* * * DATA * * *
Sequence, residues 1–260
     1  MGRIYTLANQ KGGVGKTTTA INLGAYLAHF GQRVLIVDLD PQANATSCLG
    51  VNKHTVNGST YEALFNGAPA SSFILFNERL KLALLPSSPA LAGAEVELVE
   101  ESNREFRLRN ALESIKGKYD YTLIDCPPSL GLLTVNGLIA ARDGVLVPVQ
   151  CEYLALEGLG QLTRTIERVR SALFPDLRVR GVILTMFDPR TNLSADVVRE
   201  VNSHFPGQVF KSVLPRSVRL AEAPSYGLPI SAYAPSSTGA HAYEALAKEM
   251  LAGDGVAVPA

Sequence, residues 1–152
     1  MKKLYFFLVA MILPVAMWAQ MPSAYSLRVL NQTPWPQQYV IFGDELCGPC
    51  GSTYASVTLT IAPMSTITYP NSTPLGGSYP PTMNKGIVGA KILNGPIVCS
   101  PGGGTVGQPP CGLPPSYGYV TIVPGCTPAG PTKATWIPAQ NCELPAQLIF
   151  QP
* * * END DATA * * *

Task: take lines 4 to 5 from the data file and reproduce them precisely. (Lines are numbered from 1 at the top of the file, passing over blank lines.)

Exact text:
   101  ESNREFRLRN ALESIKGKYD YTLIDCPPSL GLLTVNGLIA ARDGVLVPVQ
   151  CEYLALEGLG QLTRTIERVR SALFPDLRVR GVILTMFDPR TNLSADVVRE